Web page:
District court clerk Ali Mojibi recently conducted an empirical study on the effect of the Supreme Court’s decision in KSR v. Teleflex:
The basic approach of the study is straightforward. The author surveyed a large number of cases decided by the Federal Circuit and certain District Courts before and after the Supreme Court decided KSR v. Teleflex in order to evaluate the actual effect and implications of KSR on different aspect of patent law. Based on how cases were decided in three distinct periods—before the Supreme Court granted cert to KSR, after the Supreme Court decided KSR, and the period in between—the article tests if and how KSR changed the landscape of the patent obviousness doctrine.What did Mojibi find? Well, for starters, KSR had a significant effect on obviousness determinations at the Federal Circuit. Before SCOTUS granted cert, the Federal Circuitfound patents obvious 40% of the time. That number jumped to 57.4% after KSR. Moreover, while patents were found non-obvious 34.3% of the time before cert was granted, only 29.6% were held non-obvious after KSR.
In district courts, the effect of KSR was staggering - before cert, district courts found obviousness only 6.3% of the time. That number jumped to 40% (an almost sevenfold increase) after KSR was decided.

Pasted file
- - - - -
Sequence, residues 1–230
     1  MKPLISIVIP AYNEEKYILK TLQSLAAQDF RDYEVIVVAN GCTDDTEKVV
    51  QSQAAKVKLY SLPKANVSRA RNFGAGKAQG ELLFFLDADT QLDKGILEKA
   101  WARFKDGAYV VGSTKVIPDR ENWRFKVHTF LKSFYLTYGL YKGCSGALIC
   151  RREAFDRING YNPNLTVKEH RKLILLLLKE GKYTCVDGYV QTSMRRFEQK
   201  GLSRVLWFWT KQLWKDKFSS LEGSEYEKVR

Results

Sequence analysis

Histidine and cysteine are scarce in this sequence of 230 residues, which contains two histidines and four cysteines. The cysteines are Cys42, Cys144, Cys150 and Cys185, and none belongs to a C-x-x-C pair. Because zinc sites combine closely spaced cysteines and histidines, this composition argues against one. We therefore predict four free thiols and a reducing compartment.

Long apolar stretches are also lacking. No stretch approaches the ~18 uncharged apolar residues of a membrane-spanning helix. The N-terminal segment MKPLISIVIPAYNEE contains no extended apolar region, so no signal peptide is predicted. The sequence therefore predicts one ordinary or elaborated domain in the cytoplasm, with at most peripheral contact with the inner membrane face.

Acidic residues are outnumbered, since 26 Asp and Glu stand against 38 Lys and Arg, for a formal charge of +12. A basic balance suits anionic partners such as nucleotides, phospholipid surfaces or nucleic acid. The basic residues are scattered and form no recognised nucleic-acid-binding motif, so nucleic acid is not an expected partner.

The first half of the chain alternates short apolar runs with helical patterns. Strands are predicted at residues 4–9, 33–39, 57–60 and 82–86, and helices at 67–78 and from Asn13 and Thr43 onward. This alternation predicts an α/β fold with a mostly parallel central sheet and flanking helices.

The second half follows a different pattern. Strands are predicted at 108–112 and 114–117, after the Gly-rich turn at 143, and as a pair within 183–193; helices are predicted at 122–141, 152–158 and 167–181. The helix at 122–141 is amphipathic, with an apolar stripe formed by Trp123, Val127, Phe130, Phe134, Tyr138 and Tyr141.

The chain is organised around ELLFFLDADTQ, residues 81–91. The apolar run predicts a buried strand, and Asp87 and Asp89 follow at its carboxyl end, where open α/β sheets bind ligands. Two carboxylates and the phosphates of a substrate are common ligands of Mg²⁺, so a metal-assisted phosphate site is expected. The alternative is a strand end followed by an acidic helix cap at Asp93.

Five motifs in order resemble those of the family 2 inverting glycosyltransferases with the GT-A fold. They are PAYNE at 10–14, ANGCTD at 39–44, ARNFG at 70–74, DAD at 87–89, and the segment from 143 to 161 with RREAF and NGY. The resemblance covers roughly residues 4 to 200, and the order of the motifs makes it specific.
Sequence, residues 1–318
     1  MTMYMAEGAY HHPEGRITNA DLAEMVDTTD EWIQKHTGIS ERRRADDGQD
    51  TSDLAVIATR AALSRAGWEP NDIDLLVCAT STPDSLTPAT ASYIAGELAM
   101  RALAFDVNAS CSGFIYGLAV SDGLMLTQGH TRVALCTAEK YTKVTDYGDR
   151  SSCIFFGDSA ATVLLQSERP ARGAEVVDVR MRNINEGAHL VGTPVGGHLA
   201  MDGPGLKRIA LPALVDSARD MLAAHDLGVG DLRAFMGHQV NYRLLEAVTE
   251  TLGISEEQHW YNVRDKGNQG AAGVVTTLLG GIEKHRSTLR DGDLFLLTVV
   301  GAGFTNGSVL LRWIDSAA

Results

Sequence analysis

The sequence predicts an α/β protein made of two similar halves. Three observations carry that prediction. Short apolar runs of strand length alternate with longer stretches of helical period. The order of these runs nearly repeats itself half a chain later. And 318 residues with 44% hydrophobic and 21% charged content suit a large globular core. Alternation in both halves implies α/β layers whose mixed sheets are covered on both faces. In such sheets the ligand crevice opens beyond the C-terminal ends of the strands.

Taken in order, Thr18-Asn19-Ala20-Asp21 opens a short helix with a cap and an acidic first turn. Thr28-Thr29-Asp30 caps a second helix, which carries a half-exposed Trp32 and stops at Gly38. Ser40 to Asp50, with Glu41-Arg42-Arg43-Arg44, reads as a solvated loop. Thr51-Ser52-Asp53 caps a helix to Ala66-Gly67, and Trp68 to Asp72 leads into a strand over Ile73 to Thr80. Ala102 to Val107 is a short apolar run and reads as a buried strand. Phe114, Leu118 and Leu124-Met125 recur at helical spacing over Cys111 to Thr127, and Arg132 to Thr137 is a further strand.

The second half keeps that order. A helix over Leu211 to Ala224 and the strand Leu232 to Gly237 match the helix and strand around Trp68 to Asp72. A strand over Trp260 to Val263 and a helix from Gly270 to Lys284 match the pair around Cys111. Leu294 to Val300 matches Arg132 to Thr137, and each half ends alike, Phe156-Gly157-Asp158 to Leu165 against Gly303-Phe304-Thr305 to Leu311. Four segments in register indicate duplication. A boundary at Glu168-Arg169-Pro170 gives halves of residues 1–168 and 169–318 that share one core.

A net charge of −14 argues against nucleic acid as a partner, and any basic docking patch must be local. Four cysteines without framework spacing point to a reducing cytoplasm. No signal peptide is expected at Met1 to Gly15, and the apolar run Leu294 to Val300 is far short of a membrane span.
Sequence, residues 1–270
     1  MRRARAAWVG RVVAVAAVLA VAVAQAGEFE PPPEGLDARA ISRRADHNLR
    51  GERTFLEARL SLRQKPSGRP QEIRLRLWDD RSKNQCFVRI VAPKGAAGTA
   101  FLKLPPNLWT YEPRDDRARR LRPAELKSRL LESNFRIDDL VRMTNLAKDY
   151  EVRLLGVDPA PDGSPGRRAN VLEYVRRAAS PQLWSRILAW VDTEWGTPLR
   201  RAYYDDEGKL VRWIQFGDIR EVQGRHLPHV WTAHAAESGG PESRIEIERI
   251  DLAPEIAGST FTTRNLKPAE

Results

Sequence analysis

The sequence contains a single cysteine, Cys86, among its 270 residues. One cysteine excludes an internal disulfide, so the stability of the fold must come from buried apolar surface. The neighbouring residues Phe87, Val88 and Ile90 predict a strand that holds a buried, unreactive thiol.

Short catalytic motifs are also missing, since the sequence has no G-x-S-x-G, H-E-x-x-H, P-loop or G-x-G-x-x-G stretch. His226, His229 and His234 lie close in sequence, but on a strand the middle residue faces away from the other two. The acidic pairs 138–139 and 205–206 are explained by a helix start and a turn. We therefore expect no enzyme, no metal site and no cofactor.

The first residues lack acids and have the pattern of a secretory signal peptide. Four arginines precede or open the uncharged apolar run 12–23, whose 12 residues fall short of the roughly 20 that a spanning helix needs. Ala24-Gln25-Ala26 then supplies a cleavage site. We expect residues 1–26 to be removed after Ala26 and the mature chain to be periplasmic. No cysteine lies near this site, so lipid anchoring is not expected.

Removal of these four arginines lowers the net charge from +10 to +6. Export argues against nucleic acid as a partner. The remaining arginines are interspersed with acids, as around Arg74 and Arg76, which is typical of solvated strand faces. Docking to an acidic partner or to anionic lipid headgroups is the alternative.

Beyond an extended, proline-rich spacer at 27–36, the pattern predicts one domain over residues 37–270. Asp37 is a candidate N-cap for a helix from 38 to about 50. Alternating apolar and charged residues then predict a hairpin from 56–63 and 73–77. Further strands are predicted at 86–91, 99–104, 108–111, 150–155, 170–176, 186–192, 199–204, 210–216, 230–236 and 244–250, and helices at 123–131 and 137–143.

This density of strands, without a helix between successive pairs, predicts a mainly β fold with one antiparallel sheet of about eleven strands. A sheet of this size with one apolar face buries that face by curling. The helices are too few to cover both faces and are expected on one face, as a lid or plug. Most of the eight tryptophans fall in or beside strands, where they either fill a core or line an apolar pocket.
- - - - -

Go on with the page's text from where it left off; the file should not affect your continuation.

Mojibi digs further to look at the "in between" phase when the KSR was pending before the SCOTUS. Here, Mojibi finds an interesting statistic: during the period when KSR was pending, the Federal Circuit found patents obvious almost 70% of the time and non-obvious 26% of the time. This means that the highest percentage of obviousness findings in the Federal Circuit occurred after the Supreme Court granted cert, but before KSR was decided. Also, the lowest rate of non-obviousness findings happened during this interim period. Moreover, during this same time, the Federal Circuit affirmed every finding of obviousness appealed the lower courts, and became three times more likely to reverse a lower court’s ruling of nonobviousness.
This result is quite unexpected because granting cert does not change the state of the law at all, and the stark contrast in percentage of patents being held invalid before and after grant of cert cannot be explained by any substantive change in the law. Rather, the data seems to indicate that the Federal Circuit perceived the Supreme Court’s decision to hear KSR as a nod of approval to the critics of the Federal Circuit, which alleged that the appeals court was too pro-patent. Hence, it seems possible that as soon as the Supreme Court announced its decision to grant cert, the Federal Circuit reacted by raising the obviousness bar to find more patents invalid.Read "An Empirical Study of the Effect of KSR v. Teleflex on the Federal Circuit’s Patent Validity Jurisprudence" (link)